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Photo: Wes Watkins (provided by Denver Film) | Written especially for COMBO by Peter Jones | Multimedia artist Sam Krentzman remembers the precise moment in March 2020 when he first realized the enormity of the worldwide covid-19 pandemic. Like a lot of creatives, Krentzman had been working a side hustle—in his case for a Denver pizzeria.

“I was helping with the dishes one night and we were watching the news, and I saw what was happening in China,” he said.

It did not take long for the rumors of an Asian virus to hit home in the Mile High City. Krentzman had just opened Armory Denver, his own grant-funded creative production house in Curtis Park, when virtually everything—including Krentzman’s new recording facility—was forced to close down.

“We had just kind of launched our space and were getting ready to build out our first session when covid appeared,” the musician and filmmaker recalled. “During that time, my band broke up. It was all kind of triggered around either the stress or the realistic complications of covid.”

Even the bands that managed to keep it together during the ensuing lockdowns would find little to do musically as the world’s nightclubs and concert venues fell prey to social distancing. With his brand-new state-of-the-art studio sitting empty, Krentzman decided to take the lemon of a worldwide pandemic and make lemonade, finding a way to somehow utilize his new facility while offering work to Colorado musicians and unemployed technicians. Before long, Armory Denver was livestreaming original in-house performances by Colorado musicians and soliciting help to keep the labor of love afloat.

“We were just making it happen,” Krentzman said of the quickly assembled effort. “It was really just us finding a way to do something that we loved and we thought was important—for fans to be able to appreciate the energy and the emotion and the communication of the artists they connect with.”

This web-based lifeline to Colorado music did not go unnoticed. The venture was rewarded with a flood of donations and regional recognition by Westword as Denver’s Best Livestream Production in 2021.

Krentzman was a few weeks into the project before he started seeing the larger picture. This grassroots effort to keep the music alive had become more than just a pragmatic goodwill effort—the livestreams, like covid itself, had taken on a life of its own.

“As we were in the middle of this work, it occurred to us that this was a real moment,” Krentzman said. “People were watching the artists perform, but they were also hearing them speak about what they were going through and what that moment was like for them.”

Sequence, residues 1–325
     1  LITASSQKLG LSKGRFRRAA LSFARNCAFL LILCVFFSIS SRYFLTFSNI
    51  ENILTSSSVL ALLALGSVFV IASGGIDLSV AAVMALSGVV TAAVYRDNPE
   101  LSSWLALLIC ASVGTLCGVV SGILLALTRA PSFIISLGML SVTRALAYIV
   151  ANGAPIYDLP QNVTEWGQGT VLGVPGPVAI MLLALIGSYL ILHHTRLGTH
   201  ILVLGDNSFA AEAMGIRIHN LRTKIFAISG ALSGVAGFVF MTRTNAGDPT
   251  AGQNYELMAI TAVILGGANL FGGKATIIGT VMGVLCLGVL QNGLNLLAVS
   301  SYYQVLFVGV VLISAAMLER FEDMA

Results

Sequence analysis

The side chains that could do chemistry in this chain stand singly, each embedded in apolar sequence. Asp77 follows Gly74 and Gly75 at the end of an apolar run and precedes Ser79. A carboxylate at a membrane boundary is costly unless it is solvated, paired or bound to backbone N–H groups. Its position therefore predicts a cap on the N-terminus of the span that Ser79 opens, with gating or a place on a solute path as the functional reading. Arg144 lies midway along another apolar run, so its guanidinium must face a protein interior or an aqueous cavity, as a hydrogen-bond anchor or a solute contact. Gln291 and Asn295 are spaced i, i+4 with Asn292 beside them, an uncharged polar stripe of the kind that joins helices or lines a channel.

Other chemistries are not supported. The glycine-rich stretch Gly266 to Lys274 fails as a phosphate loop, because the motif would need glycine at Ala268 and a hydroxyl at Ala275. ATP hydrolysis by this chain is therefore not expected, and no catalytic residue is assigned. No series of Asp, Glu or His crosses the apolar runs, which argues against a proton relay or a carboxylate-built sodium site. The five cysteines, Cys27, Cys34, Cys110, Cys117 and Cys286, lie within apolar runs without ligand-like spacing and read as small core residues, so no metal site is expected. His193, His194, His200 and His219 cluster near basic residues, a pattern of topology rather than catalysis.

Some two and a half years later, the result is When the Music Stops, a new documentary that takes a hard—yet often fun and musical—look at how the pandemic affected Denver’s live music scene, as well as the musicians, technicians and promoters who suddenly found themselves out of work. As much of the film was shot in the throes of the pandemic, the crew wore N-95 masks during production, which took place in a ventilated studio with 34-foot ceilings and social-distancing protocols in place. Some of the musicians chose to wear masks during the on-screen interviews.

Amid the artists’ reflections on the covid experience are original performances by the likes of Patient Zeros, Rob Drapkin and many other Denver-based musicians, many of whom were able to collect the same pandemic unemployment compensation that was for the first time made available to gig workers, freelance writers and many other independent contractors.

As Tom Hagerman of DeVotchKa says in the film, not everyone was really in the same proverbial covid boat—some were on yachts, while others were stuck in dinghies or clinging to driftwood. Yet When the Music Stops winds up as something of a case study on what happened to virtually everybody—in one sense or another—while using music as the film’s unifying theme.

“It’s a local representation of a global phenomenon,” Krentzman said of his documentary. “I felt like it’s representative, not just of the music industry experience, but to most of our experiences. There was a lot of uncertainty and loneliness in the world. It’s kind of a universal story.”

When the Music Stops will have its world premiere at the Denver Film Festival, Nov. 7 and Nov. 10, at the Sie Film Center, 2510 E. Colfax Ave. Krentzman and editor Michael Hartzog, along with several Colorado musicians, will appear in person. Kid Astronaut will perform live after the screening.

One question that the film could not completely answer is in what ways the local music industry might be forever changed by the pandemic during its newer endemic phase and aftermath.

“We didn’t know what was going to be on the other side, but it was going to be different,” Krentzman said. “People still love to see live music and the energy that is there for live shows, but the complications are still there. People have had to move on and support their families. There are less people in the industry than before.”

The filmmaker remains optimistic about the viability of the Colorado music scene, which struggles to pick up the pieces amid a common struggle that ironically brought people together, even as they were pulled apart at the height of the pandemic.

“There were things that we definitely missed,” he said of the world after covid, “but hopefully, there’ll be things we gained too.”

For tickets and more information about the Denver Film Festival, visit

Peter Jones
All Purpose Communicator
Twitter: @askpeterjones

Photo: Wes Watkins of the Other Black and Nathaniel Rateliff and the Night Sweats is one of the dozens of Colorado musicians who appear in the documentary When the Music Stops, which premieres Nov. 7 at the Denver Film Festival. Photo courtesy of Denver Film

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